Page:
Russia, IAEA to set up n-fuel reserve in Siberia
Russia and the UN nuclear watchdog are due to set up the first-ever nuclear fuel reserve in Siberia. The fuel bank in the Siberian town of Angarsk will provide low-grade uranium for reactors worldwide.
A stockpile of nuclear fuel in the heart of Siberia may run counter to the current debate over nonproliferation, but it is central to plans for nuclear energy to be used for peaceful means – which some say is a country’s right.
“Any country thinking about investing billions of dollars in the construction of nuclear plants is sooner or later confronted by a question of how and where it can get nuclear fuel,” said Sergey Novikov, spokesperson for Russia’s state corporation Rosatom.
“This center will provide these countries with a guarantee that, no matter what political situation they are in, they can always get nuclear fuel – provided, of course, that the IAEA does not object,” he added.
According to Russian officials, the agreement has nothing to do with Iran, which already has a contract with Moscow for the supply of low enriched uranium for the Bushehr plant.
“It is common knowledge that the Islamic Republic of Iran is today capable of enriching uranium up to 4 percent, so they would not need this facility to gain access to low enriched uranium,” said Sergey Novikov.
While Russian officials stressed the common security aspect of the project, analysts say it also offers Moscow with public relations benefits.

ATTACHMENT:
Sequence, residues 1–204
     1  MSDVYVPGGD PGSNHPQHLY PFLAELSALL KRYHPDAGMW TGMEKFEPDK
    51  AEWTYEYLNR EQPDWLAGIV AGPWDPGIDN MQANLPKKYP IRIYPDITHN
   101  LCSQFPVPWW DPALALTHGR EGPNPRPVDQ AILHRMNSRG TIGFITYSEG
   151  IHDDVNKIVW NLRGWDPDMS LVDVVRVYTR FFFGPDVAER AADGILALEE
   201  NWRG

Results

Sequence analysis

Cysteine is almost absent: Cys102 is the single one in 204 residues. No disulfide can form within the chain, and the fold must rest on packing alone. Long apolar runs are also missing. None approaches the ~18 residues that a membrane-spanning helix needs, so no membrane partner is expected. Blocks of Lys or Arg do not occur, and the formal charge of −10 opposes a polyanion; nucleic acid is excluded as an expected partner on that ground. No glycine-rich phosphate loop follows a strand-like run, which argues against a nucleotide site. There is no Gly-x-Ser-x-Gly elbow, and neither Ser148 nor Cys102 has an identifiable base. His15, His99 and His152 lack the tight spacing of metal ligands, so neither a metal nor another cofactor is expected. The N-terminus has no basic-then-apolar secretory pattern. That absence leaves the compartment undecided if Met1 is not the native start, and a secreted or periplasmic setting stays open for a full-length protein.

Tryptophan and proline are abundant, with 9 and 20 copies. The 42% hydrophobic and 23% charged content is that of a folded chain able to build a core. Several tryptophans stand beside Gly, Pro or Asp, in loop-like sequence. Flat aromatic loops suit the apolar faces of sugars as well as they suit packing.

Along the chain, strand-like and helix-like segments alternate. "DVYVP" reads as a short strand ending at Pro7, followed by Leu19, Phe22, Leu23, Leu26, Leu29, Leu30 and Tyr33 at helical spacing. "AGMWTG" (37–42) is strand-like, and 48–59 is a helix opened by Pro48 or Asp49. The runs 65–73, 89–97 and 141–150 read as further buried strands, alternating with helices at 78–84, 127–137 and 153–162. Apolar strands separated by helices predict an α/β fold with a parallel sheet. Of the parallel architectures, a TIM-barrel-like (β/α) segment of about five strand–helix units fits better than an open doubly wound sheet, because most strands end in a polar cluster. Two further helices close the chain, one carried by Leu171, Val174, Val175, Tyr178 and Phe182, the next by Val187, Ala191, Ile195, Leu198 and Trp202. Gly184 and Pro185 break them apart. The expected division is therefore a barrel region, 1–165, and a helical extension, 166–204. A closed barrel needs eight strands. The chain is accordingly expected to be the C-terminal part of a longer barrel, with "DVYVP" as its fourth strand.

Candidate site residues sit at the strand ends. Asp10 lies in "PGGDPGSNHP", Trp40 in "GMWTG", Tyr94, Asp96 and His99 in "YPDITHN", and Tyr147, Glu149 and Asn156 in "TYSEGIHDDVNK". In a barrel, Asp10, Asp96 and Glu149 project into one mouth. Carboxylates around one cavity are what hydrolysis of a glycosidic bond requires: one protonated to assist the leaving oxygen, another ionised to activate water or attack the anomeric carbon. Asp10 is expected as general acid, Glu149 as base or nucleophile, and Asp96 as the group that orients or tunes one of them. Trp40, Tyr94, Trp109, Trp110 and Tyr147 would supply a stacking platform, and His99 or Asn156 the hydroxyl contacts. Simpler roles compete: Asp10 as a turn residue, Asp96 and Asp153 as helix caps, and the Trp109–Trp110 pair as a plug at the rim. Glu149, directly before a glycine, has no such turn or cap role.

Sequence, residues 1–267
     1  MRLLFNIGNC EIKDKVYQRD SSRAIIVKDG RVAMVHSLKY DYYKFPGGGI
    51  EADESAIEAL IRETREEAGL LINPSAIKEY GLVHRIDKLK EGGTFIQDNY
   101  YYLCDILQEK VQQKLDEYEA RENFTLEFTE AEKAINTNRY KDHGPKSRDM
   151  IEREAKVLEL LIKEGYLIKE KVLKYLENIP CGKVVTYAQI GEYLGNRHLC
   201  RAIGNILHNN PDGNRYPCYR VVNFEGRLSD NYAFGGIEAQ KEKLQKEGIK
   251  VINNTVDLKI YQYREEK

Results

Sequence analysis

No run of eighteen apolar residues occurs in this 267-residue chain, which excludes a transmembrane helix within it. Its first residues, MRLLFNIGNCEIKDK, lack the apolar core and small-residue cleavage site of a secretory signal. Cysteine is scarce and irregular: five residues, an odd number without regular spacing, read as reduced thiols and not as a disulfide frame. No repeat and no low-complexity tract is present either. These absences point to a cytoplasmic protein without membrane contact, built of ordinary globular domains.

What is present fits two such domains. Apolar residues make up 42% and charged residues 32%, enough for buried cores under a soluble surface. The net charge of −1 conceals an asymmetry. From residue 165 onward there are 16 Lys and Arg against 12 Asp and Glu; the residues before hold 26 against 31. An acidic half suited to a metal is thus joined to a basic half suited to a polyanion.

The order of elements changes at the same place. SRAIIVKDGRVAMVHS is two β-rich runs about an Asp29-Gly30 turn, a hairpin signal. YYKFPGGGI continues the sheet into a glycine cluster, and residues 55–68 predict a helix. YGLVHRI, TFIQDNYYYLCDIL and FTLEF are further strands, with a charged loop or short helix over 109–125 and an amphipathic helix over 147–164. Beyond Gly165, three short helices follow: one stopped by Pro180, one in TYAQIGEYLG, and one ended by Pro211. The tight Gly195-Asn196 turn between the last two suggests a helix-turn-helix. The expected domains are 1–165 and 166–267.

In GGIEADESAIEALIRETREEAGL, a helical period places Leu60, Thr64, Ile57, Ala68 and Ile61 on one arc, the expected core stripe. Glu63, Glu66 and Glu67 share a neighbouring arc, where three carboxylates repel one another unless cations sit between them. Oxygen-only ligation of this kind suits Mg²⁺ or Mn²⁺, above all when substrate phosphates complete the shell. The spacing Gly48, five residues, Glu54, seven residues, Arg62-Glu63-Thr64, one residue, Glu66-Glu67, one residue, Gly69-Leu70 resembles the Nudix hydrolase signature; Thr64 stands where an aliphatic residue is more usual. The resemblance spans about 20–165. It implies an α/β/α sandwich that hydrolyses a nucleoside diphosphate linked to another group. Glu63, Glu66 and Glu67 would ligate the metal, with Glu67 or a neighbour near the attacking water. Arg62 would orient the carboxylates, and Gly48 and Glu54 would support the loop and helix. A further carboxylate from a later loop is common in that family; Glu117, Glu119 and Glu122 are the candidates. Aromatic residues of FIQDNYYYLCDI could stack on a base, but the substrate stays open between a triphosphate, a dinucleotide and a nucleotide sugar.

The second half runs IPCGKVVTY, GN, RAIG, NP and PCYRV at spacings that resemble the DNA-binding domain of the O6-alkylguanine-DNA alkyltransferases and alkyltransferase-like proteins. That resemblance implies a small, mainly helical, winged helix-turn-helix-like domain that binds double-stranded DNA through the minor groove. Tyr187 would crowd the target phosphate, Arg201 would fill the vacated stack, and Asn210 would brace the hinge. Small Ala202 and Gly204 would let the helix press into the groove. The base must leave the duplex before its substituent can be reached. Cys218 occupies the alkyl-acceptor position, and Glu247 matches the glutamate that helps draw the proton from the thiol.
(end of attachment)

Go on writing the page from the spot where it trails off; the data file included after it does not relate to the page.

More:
The United States is currently working to create a similar facility under the IAEA auspices and many in Moscow believe in “the first come, first serve” approach.
“Initially, the two countries hoped to create a joint center under the control of the IAEA, but it did not work out and each went their separate ways,” said Anton Khlopkov, director of the Center for Energy and Security
“I think the two countries are still doomed to cooperate within the IAEA because each of them is interested in dissuading the other from acquiring nuclear weapons,” he added.
Both Moscow and Washington say they hope their nuclear arsenals will never have to be used but, if the need comes up, both hope to come to the rescue.
For years, Moscow and Washington were racing to build their nuclear arsenals. Now they are vying for the right to facilitate nuclear nonproliferation.
It seems no matter what they do the competitive spirit is always there, but at least now it is for a good cause.